Thanks to everyone who submitted an entry in our Revise the “Office Plants” E-Mail Contest.
You bold people took one of the most tortured samples of workplace e-mail and reworked it into a direct, practical piece. You fixed the oblique subject line Individual Office Plants and even smoothed out lumpy sentences such as During a recent Office of Environmental Safety courtesy walk through,
plants located in several individual offices are apparently not being
well cared for or properly maintained. I am impressed!
But, a contest can only have one winner or, in this case, two. So, without further ado, I hereby announce the winners of our Revise the “Office Plants” E-Mail Contest.
- First Place goes to David Kay for his excellent rewrite. David made the e-mail shorter, used lots of personal pronouns, and linked to an About.com list of acceptable plants. He wrote in a friendly, plain language style, but his e-mail didn’t abandon the task of enforcing the rules. Great writing, David.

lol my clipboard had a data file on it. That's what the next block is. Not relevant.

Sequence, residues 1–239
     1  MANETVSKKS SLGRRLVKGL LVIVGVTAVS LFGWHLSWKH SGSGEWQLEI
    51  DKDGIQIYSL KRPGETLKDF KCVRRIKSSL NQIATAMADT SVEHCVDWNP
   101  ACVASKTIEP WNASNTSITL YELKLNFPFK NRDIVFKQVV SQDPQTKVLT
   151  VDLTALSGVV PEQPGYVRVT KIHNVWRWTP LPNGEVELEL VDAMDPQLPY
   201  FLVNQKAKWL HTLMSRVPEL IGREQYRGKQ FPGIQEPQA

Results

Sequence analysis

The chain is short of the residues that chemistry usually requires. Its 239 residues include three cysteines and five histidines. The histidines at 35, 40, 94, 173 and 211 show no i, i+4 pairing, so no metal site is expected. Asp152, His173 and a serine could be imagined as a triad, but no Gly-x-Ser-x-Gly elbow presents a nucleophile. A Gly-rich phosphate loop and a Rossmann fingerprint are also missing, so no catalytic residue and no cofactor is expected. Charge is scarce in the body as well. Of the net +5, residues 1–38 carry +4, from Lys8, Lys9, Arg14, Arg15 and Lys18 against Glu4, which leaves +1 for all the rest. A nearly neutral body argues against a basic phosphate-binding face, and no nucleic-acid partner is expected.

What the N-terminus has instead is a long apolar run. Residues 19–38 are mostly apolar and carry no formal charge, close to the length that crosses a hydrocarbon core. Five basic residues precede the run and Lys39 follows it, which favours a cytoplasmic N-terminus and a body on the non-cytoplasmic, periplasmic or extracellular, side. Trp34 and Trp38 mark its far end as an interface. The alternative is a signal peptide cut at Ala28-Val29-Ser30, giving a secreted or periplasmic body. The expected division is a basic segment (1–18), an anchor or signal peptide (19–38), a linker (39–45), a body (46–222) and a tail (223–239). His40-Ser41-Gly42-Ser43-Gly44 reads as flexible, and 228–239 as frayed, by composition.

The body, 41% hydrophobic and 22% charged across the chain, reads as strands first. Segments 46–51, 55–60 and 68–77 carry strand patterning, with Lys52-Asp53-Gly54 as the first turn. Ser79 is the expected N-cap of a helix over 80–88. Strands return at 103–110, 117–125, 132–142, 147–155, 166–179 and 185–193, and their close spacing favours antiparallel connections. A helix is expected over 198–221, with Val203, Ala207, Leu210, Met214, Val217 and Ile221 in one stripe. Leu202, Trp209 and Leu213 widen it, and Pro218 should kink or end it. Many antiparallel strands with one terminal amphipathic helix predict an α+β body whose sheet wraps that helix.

- Second Place goes to Margaret Elwood for her rewrite. About her limerick, she says “I just had to get it out of my system.”
Please heed these official rants:
Take better care of your plants!
You shouldn’t ought ‘ter
And we’re sick of those bugs, pests and ants.
Each winner will receive a copy of our Clear, Correct, Concise E-Mail workbook.
Many thanks to all who entered. If you read each contest entry, as I did, you’ll get a handy tutorial on how to do e-mail right:
- Brinda Moody wrote no-nonsense instructions but kept the writing friendly.
- Missy Curry engaged in a bit of word play and wrote clear instructions on plant care.
- Colleen Blessing used bullets to keep her e-mail short and sweet but was still able to work in the word ambience.
- Genie Smith demonstrated that she’s no pushover when she wrote: “If you do not or cannot move your sick, infested, or dead plants, we will.”
- Claudia Cooper revised sentences deeply, looking for plain language substitutes for confusing or bureaucratic language.
- Connie Raab cut every bit of fat. Her version = 74 words. The original e-mail = 267 words.
- EInspiration gave it to plant owners straight: keep those plants healthy or they’re outta here.
- Bonnie Wahiba used a direct tone and exactly three exclamation points to drive the point home.
- Anonymous trimmed wordiness, cut verbiage, and trimmed some more.
- Naomi Allen streamlined the original and made the message much clearer.
— Leslie O’Flahavan